Investment Nuggets

If you cannot afford to ignore the advice of the Oracle of Omaha, Warren Buffet, the man who taught the Sage the core investing tenets must obviously be someone very special. Meet the legendary Benjamin Graham, christened the “Father of Value Investing” and sometimes called the “Dean of Wall Street”. He has also immortalised himself by penning two investment classics: Security Analysis (with David Dodd) and Intelligent Investor — must reads for anybody entering and staying wedded to the investment profession. Enjoy the wonderful wit and wisdom through these quotable quotes:

Short- vs long-term investing

“In the short term, the market is a `voting’ machine whereon countless individuals register choices that are product partly of reason and partly of emotion. However, in the long term, the market is a `weighing’ machine on which the value of each issue (business) is recorded by an exact and impersonal mechanism.”

On market fluctuations

“Since common stocks, even if investment grade, are subject to recurrent and wide fluctuations in their prices, the intelligent investor should be interested in the possibilities of profiting from these pendulum swings. There are two possibilities of profiting from these pendulum swings: The way of timing and the way of pricing. By timing we mean the endeavour to anticipate the action of the stock market — to buy and hold when the future course is deemed to be upward, to sell or refrain from buying when the course is downward. By pricing we mean the endeavour to buy stocks when they are quoted below their fair value and to sell them when they rise above such.”

The madness of `crowds’

A story that was passed down from Ben Graham illustrates the lemming-like behaviour of the crowd:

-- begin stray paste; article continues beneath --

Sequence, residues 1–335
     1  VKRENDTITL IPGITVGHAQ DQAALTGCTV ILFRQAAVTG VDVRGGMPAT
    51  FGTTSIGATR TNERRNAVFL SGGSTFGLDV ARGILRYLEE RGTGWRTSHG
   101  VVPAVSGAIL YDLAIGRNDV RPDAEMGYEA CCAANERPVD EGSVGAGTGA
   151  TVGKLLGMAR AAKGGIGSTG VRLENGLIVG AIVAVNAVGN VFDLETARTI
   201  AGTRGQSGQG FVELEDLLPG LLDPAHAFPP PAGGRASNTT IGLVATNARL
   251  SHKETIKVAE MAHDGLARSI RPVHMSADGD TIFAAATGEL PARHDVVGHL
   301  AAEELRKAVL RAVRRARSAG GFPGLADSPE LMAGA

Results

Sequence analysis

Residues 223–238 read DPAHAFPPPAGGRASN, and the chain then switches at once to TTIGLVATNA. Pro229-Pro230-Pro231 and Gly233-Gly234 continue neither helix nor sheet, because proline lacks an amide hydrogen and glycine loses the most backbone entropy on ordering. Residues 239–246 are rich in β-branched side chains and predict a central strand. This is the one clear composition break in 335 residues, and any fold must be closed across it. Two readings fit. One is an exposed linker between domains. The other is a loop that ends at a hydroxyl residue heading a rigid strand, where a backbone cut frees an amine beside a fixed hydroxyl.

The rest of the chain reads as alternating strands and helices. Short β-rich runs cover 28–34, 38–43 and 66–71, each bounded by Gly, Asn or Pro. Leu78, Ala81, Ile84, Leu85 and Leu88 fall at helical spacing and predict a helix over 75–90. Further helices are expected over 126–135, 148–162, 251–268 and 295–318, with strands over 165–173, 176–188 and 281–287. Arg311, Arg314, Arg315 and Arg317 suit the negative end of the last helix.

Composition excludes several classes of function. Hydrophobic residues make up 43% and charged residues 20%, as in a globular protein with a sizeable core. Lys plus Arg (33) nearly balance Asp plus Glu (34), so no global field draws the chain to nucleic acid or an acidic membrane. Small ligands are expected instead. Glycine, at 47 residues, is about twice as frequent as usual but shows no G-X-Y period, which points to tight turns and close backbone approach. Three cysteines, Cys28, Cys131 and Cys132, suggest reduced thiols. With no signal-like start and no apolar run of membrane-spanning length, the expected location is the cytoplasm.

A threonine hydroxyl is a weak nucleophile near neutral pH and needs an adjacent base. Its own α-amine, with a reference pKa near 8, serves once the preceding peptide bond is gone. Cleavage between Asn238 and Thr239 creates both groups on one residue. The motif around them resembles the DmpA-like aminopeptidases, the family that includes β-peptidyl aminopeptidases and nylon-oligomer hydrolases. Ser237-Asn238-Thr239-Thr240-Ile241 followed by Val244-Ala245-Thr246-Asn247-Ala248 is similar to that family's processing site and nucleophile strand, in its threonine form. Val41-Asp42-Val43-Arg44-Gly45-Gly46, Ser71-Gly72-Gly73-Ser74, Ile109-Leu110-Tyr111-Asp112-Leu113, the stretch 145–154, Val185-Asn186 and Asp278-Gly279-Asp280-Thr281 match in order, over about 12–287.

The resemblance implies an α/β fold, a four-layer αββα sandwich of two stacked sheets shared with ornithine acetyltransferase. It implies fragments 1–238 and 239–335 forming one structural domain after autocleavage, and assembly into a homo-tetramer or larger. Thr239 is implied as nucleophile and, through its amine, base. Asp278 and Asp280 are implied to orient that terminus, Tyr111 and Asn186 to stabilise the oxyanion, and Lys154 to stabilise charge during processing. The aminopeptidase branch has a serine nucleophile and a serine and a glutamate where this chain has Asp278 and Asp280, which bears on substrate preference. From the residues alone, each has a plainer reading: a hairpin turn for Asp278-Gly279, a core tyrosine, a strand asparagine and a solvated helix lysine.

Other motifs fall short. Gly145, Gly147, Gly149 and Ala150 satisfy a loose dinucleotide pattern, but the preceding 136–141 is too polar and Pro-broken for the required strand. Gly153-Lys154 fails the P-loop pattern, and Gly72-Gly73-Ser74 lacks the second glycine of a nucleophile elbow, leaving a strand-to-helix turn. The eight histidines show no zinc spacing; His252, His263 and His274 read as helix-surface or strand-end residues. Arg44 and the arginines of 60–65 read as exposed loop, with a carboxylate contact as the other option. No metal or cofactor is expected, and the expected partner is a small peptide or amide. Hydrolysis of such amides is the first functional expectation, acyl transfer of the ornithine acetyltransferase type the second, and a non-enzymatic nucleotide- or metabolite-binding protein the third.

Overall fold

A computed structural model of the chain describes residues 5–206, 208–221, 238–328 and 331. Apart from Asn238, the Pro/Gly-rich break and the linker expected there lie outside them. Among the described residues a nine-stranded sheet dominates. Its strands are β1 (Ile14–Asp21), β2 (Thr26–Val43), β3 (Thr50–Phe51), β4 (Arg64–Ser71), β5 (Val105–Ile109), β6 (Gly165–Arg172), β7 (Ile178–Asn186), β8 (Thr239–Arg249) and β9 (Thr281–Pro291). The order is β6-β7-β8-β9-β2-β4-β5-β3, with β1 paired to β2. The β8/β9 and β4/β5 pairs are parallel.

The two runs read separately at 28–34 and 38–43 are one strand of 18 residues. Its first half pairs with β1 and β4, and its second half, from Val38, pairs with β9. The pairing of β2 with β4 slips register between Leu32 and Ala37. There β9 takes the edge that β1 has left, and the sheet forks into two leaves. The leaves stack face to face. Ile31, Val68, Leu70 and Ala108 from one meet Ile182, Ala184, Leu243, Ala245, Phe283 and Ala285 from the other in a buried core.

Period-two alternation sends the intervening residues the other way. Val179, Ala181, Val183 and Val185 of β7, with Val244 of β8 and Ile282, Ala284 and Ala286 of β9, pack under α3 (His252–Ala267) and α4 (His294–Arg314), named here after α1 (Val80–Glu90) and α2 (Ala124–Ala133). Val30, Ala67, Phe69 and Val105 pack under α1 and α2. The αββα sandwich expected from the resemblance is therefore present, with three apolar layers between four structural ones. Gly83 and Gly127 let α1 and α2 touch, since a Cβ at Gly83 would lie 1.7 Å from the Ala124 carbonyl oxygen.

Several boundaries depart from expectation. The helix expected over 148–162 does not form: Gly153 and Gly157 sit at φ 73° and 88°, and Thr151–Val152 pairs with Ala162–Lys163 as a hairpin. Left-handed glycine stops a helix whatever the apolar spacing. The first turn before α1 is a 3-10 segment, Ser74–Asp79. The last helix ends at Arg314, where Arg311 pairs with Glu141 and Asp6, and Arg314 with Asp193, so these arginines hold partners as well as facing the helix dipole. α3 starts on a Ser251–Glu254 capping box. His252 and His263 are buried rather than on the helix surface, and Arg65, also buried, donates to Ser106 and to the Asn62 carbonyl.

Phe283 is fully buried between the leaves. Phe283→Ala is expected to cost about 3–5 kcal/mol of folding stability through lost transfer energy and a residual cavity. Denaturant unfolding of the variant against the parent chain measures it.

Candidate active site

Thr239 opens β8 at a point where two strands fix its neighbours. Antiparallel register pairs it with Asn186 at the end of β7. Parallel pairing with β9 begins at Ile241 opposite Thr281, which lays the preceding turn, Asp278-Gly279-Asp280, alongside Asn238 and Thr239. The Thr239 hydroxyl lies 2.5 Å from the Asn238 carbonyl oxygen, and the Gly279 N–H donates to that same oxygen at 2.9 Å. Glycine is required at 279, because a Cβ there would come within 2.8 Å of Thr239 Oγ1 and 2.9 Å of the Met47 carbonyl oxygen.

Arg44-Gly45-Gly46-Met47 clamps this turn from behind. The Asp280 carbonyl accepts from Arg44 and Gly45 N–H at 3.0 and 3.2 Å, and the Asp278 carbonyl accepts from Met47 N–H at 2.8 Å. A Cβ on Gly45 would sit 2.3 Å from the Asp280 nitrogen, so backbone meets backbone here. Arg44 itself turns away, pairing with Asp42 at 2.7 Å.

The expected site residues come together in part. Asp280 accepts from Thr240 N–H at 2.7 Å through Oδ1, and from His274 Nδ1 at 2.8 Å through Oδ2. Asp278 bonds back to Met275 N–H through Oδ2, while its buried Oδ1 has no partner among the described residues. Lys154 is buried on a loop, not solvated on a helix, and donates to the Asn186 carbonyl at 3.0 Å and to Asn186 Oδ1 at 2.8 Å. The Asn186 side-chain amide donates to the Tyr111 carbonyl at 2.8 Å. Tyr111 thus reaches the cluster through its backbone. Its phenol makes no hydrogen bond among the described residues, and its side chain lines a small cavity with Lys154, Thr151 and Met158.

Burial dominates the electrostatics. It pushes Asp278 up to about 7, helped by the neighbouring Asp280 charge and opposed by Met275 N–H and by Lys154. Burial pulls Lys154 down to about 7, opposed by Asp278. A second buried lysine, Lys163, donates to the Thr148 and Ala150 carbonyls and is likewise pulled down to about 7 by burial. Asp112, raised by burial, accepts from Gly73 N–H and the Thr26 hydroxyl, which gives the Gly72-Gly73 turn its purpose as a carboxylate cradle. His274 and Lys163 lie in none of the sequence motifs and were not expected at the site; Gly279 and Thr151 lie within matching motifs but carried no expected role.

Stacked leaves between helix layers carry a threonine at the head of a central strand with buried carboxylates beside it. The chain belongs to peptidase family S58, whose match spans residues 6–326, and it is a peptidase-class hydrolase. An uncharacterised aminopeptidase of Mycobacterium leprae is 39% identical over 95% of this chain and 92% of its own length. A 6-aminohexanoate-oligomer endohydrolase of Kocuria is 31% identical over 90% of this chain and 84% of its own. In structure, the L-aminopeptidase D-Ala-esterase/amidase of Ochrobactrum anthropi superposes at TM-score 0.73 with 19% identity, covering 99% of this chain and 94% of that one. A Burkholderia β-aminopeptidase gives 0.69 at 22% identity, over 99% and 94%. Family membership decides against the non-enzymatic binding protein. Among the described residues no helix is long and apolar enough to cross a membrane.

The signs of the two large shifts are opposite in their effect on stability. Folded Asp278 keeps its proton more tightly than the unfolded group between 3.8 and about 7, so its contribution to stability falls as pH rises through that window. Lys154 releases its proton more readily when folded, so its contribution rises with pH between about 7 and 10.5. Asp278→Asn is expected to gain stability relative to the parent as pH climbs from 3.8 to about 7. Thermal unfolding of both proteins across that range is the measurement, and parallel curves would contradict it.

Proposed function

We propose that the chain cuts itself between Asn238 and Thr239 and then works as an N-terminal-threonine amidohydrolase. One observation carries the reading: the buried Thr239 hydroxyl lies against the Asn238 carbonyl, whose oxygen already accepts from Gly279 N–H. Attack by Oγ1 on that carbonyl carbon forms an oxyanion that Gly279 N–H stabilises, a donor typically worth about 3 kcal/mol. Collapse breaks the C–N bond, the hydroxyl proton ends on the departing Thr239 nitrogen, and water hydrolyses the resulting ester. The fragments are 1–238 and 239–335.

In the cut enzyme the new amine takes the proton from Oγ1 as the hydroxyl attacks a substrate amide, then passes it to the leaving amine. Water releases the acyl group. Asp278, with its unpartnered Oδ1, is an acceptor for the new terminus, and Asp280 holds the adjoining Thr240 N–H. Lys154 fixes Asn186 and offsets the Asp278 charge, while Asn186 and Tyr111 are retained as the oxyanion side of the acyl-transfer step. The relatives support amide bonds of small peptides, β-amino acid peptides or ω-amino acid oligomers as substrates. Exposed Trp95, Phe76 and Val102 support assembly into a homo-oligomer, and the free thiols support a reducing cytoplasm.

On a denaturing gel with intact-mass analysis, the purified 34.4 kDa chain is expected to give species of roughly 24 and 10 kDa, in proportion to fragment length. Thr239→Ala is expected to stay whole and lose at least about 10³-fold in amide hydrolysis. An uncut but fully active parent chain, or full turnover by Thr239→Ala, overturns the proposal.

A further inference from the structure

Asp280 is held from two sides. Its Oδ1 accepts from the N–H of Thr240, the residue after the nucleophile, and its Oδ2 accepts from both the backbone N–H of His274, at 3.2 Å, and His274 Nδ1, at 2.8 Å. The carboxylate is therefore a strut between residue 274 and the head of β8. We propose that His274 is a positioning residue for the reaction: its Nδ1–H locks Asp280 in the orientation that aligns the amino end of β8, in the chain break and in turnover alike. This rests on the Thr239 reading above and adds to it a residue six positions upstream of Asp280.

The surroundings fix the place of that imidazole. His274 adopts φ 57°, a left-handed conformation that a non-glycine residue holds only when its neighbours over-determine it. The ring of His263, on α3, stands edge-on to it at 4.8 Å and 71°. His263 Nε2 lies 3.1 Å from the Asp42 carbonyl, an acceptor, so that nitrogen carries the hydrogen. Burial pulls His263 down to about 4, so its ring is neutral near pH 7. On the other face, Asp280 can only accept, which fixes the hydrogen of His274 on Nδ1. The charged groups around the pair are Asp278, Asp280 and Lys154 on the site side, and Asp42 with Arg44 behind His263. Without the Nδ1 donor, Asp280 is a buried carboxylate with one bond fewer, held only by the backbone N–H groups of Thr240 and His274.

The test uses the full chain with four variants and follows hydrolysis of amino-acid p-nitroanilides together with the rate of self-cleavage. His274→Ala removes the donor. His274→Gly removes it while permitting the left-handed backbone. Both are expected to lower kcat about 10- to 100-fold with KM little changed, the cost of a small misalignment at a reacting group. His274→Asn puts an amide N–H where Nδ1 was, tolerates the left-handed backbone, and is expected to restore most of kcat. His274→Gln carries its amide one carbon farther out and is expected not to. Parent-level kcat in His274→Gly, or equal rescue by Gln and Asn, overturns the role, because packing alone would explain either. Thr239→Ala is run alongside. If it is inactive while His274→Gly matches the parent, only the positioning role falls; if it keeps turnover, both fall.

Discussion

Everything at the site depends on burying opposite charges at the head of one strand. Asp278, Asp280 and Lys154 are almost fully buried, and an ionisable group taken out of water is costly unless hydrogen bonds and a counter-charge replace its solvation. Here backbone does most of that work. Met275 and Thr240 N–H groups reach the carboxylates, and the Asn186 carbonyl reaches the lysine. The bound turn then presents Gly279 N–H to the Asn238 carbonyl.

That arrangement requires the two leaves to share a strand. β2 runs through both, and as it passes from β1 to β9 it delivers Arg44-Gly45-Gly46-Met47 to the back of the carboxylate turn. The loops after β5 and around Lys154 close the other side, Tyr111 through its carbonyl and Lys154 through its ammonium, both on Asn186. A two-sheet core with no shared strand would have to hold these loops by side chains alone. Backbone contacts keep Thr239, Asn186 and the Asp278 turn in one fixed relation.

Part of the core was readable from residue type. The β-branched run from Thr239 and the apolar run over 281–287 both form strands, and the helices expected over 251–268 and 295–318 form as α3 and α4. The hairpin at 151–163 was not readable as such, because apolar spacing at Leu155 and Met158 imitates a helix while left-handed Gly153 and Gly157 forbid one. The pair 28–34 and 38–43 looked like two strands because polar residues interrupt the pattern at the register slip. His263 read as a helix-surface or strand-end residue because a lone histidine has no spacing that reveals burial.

“Let me tell you the story of the oil prospector who met St. Peter at the Pearly Gates. When told his occupation, St. Peter said, “Oh, I’m really sorry. You seem to meet all the tests to get into heaven. But we’ve got a terrible problem. See that pen over there? That’s where we keep the oil prospectors waiting to get into heaven. And it’s filled, we haven’t got room for even one more.” The oil prospector thought for a minute and said, “Would you mind if I just said four words to those folks?” “I can’t see any harm in that,” said St. Peter. So the old-timer cupped his hands and yelled out, “Oil discovered in hell!” Immediately, the oil prospectors wrenched the lock off the door of the pen and out they flew, flapping their wings as hard as they could for the lower regions. “You know, that’s a pretty good trick,” St. Peter said. “Move in. The place is yours. You’ve got plenty of room.” The old fellow scratched his head and said, “No. If you don’t mind, I think I’ll go along with the rest of ’em. There may be some truth to that rumour after all.”

Warren Buffet, relating a story by Benjamin Graham

Additional Readings:
Additional Reports:
Off-Topic Readings:

Parting Thought:
  • One of the ironies of the stock market is the emphasis on activity. Brokers, using terms such as ‘marketability’ and ‘liquidity’, sing the praises of companies with high share turnover. But investors should understand that what is good for the croupier is not good for the customer. A hyperactive stock market is the pickpocket of enterprise. – Warren Buffett
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